Some lines from 'Murder in the Cathedral' that I am trying to locate but have not: Your destiny turns so that the ultimate destiny be achieved. If we knew that, maybe we would remember the words from Yoga Vasishta always. But it is the obscurity, the mystery, the uncertainty that is like a rite of passage, a test by fire that can consume us like wood or strengthen us like steel.

When I think thus, I understand these verses from Bhagavad Geeta better - Do your duty, do not worry about the results. With no expectations, you are not affected by the consequences. And so, you take the next path that opens up, that will open up... 

And you will see it because anger did not blind you, disappointment did not make you dejected. Because you will know that it is part of the journey, a stopover to your final destination.

Thursday, October 2, 2014

Saturday, September 27, 2014

A Moment of Glory

When my friend, my guide to sites that encouraged writing, mailed to me about a competition on a site where one of my novels was already serialised and another is currently running, I thought and almost dismissed the thought of sending in anything. But 'The Circle of Zero', written from a the point of view of a man, contrary to my usual obsession with women and their complicated lives, was lying idle, having been written in 2009/10. So why not, I thought and sent that, not really sure what to expect.

When the mail inviting me for the event came, I had to excuse myself as I was traveling that evening. Then I got a mail telling me I was a winner.

Now that changed everything and after much agonising, I decided to risk going there. Oh what a sweet surprise was in store for me!!! The first prize in Romance!!!!

Of course we were getting late as the event stretched beyond expectations, but when my name was called out and I walked up to receive the prize, it was as if my efforts had finally borne some fruit. Getting published by Pageturn was the first step, but this one was a recognition of a different sort and just gave hope in a new direction.

With hope comes a sense of responsibility - that I continue to write different things and that too, stuff worthy of note or at least consideration.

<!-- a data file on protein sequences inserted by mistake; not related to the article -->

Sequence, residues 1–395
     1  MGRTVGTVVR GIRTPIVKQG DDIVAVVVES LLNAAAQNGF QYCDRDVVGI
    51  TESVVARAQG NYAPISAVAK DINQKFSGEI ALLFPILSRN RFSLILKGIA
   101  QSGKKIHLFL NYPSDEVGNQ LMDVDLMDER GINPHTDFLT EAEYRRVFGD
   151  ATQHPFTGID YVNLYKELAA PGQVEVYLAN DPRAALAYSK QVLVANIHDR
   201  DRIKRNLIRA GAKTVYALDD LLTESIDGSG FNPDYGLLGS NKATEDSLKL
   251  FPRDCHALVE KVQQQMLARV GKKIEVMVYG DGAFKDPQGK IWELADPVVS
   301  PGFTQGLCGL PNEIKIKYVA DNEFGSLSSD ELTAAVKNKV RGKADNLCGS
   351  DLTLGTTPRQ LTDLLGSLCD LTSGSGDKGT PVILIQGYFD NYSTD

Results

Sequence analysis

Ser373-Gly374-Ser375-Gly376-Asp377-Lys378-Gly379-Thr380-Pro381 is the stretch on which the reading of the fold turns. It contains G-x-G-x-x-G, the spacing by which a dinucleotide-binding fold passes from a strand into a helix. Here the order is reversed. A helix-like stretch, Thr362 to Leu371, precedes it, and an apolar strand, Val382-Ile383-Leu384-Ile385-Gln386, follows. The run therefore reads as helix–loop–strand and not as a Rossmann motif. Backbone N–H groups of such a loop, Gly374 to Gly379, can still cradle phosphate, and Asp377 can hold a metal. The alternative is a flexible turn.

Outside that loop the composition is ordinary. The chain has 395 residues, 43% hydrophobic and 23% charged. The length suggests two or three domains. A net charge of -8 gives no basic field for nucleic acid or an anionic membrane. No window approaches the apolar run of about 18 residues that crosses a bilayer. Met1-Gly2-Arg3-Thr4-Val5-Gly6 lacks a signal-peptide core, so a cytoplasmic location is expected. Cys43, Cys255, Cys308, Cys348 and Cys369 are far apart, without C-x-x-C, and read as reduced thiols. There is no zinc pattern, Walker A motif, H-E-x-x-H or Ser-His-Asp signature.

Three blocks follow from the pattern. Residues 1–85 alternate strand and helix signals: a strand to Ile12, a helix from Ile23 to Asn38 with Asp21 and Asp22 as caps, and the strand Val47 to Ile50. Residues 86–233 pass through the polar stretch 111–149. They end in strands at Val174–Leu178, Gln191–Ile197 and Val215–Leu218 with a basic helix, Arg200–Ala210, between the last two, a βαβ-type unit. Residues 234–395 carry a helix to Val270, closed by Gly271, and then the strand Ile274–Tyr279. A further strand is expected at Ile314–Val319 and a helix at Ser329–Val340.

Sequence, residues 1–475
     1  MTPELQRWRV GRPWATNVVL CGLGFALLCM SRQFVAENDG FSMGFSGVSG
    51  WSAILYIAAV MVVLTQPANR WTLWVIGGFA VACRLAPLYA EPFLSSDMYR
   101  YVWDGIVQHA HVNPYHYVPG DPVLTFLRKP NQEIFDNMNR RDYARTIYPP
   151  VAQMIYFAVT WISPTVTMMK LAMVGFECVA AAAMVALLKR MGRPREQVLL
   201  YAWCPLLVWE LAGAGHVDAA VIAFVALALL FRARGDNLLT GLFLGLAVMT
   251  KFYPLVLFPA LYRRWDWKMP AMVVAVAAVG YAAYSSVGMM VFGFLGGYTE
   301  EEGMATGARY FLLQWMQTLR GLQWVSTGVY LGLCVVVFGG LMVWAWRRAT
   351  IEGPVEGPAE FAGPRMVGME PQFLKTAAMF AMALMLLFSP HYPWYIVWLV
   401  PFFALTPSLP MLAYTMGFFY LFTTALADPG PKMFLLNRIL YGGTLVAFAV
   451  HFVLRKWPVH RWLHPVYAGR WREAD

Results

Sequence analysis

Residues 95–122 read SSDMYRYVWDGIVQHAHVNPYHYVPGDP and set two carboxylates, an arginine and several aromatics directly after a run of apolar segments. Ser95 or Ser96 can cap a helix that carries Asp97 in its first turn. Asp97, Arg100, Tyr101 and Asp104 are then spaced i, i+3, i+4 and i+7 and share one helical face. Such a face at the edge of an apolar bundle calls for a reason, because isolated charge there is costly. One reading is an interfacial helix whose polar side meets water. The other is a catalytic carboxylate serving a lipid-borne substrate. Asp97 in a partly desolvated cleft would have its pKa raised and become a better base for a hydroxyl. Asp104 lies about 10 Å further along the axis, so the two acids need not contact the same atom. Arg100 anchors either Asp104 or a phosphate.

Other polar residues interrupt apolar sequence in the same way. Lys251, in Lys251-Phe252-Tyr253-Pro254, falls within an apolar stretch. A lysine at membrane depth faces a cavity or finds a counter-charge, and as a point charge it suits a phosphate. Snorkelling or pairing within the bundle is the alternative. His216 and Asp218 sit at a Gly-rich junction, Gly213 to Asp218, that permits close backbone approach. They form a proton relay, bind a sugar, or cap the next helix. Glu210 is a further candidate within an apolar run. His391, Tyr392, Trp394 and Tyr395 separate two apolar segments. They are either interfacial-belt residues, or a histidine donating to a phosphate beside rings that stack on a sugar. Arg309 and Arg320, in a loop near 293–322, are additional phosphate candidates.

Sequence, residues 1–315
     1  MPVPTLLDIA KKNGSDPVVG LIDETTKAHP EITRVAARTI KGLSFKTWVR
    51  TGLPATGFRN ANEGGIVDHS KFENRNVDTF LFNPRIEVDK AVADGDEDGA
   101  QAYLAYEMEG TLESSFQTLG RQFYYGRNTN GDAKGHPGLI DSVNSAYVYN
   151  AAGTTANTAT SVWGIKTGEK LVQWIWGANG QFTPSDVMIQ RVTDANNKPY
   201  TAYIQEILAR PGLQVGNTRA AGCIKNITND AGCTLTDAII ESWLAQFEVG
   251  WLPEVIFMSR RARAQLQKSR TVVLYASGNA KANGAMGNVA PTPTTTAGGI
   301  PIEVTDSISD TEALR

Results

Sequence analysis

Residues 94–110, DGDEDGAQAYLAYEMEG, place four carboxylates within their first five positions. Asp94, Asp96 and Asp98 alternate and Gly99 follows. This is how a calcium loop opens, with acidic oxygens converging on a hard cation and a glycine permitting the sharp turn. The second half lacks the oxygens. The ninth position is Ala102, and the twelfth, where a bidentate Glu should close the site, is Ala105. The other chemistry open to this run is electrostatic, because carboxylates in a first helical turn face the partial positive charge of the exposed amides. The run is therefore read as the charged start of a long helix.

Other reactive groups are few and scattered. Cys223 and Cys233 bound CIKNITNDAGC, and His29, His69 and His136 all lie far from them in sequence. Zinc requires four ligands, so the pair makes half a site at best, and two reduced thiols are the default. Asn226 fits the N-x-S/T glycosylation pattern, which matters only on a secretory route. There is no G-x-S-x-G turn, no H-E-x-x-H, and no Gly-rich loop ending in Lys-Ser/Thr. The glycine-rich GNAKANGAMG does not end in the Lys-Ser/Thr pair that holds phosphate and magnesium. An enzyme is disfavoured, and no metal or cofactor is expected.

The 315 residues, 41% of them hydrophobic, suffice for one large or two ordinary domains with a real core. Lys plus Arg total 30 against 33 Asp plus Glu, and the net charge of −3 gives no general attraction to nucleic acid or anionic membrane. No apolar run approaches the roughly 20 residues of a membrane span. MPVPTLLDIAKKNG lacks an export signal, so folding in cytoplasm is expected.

Friday, September 19, 2014

Unconditional Respect

Yesterday while driving on a busy street, I noticed an old man trying to cross. Just as he thought he got a clearing, a two-wheeler came rushing down to cut his path and the man stepped back.

Not an unusual sight. I have heard my father complain about the impossibility of crossing certain roads. I recently took my mother out and was surprised at how, in the last one year of restricted movement and commuting only by car if needed, she found the roads that she had traversed with as much alacrity as her age permitted, unsafe. I don't even send my children to the road outside my gate for fear of speeding vehicles though at their age, I remember being sent to the local shops several times in a day.

This syndrome of treating the road as personal domain is a result not just of the high one gets from the powerful engines and the speed associated with it but our own attitude to the world. I think it is a consequence of the attitude - 'only 'I' matter(s?). If you want respect and consideration, earn it. Till then, I shall act just as I please.'

The suave may have cultured ways of expressing it. But when practiced by the uncultured or the pretentious, it borders on to aggression and insensitivity. It transgresses boundaries and interferes with others' rights and lives, disturbing them in ways that do not make us any respectable.

Have we forgotten the question, "What do I do to deserve respect and consideration?"

I will not hark back to ancient times, for the brash and the bashful existed at all times. In fact, aware of the human tendency to become selfish and self-centered, the stress was on respecting lives, be it other humans, animals or plants. The question asked was not whether they deserve respect but whether we have it in us to be respectful.

I can understand well why. When I pause to give someone way, when I try to put my needs behind, the heart expands and the feeling of well-being spreads through my body. When for some reason, even genuine, I dig my heels in, I feel closed and tense like a taut string. Certain situations cannot be avoided. But that moment need not define the respect I give the other. I can and must learn not to colour my attitude of respect with a moment of disagreement. If disagreements continue, I can maintain my respectful distance.

Giving respect is an act not for the benefit of the other person, but ourselves. It makes us better humans and let's strive for that.